NPR ombudsman Elizabeth Jensen says the radio audience hasn’t been “well served” yet by the partnership between NPR and PBS during coverage of the Republican National Convention in Cleveland.
Jensen points out — correctly, I must add — that the audio on Monday was simply horrible for the radio audience. Because of the crowd noise from inside Quicken Loans Arena, the panelists were drowned out. Last night’s audio mix, however, was much better.
Why didn’t NPR/PBS put some windows on the luxury suite?
The answer, which Jensen relayed in her report card today, is classic public radio and TV. Money.
The convention producing team is aware of the problem. NPR’s newsroom chief Michael Oreskes, who said he was also speaking for NewsHour executive producer Sara Just, told me by email on Tuesday:
“The hall was indeed very loud. Our booth with the NewsHour is right in the thick of things. It’s a trade off. We could have installed glass on the booth. That would cost a lot. We are public media.
We like the you-are-there feel. But we also want you to hear. We are working hard to make it better tonight.
Our technical teams are looking at new microphones, different placement of the microphones, sound dampening materials that would reduce background noise and more. We, of course, ran tests before the convention. But the sound challenges in the moment are always unpredictable.”
Both organizations are giving the partnership a chance, as well they should. Political conventions aren’t as newsworthy as they once were, but the cost of covering one is skyrocketing.
What the audience is hearing, though, is a fundamental media reality: TV and radio are different and radio isn’t TV without pictures. What might look just fine on TV with the context of video can be terrible for a radio audience, such as when a reporter interviewing Bob Dole had to pass the microphone through a security barrier after each question. Interesting TV, perhaps. Terrible radio.
But an old complaint is surfacing again with the coverage. People, Jensen says, want to hear the speakers, not listen to reporters and analysts talking about the speakers.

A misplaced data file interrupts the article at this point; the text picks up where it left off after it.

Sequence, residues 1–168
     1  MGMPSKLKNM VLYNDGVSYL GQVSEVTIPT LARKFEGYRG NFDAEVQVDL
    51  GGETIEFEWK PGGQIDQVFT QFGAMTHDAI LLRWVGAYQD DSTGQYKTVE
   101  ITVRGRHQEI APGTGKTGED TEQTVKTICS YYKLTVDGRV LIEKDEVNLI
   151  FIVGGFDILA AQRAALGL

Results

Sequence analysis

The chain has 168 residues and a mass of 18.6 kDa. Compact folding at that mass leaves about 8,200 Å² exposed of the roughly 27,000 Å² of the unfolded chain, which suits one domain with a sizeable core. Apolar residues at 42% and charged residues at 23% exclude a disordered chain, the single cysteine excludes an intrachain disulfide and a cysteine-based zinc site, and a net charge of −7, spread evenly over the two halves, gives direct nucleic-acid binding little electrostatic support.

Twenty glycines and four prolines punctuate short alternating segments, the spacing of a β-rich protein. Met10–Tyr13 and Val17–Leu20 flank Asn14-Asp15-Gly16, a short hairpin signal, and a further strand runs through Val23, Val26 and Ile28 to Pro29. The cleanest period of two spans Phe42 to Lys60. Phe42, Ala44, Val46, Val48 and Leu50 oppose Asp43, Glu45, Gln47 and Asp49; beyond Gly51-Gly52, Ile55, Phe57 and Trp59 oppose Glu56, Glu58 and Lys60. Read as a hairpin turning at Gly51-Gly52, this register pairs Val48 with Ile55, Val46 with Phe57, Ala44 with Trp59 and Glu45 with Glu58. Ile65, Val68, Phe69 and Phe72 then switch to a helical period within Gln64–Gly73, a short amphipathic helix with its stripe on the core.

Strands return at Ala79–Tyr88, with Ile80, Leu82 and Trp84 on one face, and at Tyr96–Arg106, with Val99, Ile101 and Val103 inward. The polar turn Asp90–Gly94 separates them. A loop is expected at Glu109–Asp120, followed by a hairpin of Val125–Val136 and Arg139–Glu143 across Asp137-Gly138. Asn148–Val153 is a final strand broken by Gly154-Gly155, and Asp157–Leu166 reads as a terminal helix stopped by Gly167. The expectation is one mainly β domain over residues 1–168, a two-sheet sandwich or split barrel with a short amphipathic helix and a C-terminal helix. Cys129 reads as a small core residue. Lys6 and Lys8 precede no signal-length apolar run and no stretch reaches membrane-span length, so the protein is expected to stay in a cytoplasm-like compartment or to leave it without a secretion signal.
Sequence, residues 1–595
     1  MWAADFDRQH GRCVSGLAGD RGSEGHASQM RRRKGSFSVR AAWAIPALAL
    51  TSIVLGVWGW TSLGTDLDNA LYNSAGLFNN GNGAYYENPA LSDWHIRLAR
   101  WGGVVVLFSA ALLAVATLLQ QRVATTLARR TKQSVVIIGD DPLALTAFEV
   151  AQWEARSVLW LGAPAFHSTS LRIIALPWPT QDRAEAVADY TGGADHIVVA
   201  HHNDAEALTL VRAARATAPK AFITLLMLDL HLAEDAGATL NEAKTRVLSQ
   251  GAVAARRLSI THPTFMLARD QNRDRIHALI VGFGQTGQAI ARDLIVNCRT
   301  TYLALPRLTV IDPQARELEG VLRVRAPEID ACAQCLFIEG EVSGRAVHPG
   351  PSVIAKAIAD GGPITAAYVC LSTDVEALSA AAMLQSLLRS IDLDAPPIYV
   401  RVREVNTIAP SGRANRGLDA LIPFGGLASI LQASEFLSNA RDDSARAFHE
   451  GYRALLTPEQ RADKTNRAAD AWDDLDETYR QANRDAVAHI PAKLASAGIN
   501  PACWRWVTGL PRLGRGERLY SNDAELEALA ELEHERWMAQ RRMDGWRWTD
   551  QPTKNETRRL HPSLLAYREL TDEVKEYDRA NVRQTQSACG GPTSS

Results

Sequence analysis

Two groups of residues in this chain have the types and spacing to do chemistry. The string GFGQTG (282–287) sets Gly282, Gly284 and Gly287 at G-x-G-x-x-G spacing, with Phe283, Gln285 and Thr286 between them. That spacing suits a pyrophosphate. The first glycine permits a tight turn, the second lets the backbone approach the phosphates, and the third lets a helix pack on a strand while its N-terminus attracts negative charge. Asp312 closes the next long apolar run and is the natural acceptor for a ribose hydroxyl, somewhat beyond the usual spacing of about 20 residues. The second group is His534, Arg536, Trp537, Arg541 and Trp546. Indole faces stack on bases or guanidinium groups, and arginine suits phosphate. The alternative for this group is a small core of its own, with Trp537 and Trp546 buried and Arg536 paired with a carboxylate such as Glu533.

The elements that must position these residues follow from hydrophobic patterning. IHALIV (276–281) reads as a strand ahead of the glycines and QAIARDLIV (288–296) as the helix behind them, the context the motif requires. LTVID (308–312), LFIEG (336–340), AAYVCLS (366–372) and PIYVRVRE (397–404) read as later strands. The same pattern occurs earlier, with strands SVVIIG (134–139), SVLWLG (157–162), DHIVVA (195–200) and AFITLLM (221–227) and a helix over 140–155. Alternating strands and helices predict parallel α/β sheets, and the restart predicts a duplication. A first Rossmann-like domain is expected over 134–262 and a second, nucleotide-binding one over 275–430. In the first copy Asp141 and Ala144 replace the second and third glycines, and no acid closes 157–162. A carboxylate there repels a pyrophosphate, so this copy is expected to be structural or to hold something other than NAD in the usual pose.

Those are available with live streams, Jensen notes. And the changing nature of political conventions means news organizations don’t have an obligation to convey a scripted event.
That doesn’t satisfy some in the audience who smell a conspiracy around these sorts of things. Just wait until the Democratic Convention and watch the analysts shut up so the Democratic speakers can be broadcast.
They’re wrong. It won’t work that way at all. But why destroy the fantasy of a good conspiracy theory?
Still, says the ombudsman …
From a listener’s point of view, it was hard to understand the decisions of which speeches to cover and which to cut away from: full speeches from actors Scott Baio and Antonio Sabato Jr., and excerpts or no coverage at all of the more substantive speeches from Luttrell and Smith, among others. On the radio, it sounded fairly random and messy, when the advance schedules should have allowed for a more thought-out flow to the night and smoother transitions.
Oreskes, again speaking on behalf of Just, as well, said Tuesday in response to the listener concerns: “We are constantly searching for the ideal balance between speeches from the podium, reports from delegates on the floor and context from our journalists in the booth. We hear the audience on this. We recognize our important role as public media to give strong attention to the speeches. We will be appraising the balance each night.”
It comes down to an editorial judgment and with two media trying to combine their two judgments, it can get dicey and a little ugly.
But they get to see the speeches ahead of time, so it’s hard to figure out why they’d carry Texas Gov. Rick Perry’s speech in full over Marcus Luttrell’s, who provided one of the better moments of the evening on Monday when he went off script.
NPR/PBS cut away after Perry’s speech, the sole purpose of which was to introduce Luttrell. Subsequently, the analysts noted the number of times Perry didn’t mention the word Trump.
It’s an occupational habit. Sometimes people who cover politics for a living gravitate to the politicians, their somewhat-less-than-authentic performances, and the minutiae of political science that plays better inside the Washington Beltway.
But that’s when they miss moments like Luttrell’s.
The joint effort is well intentioned, it makes sense financially, and Jensen says she’s rooting for it to work.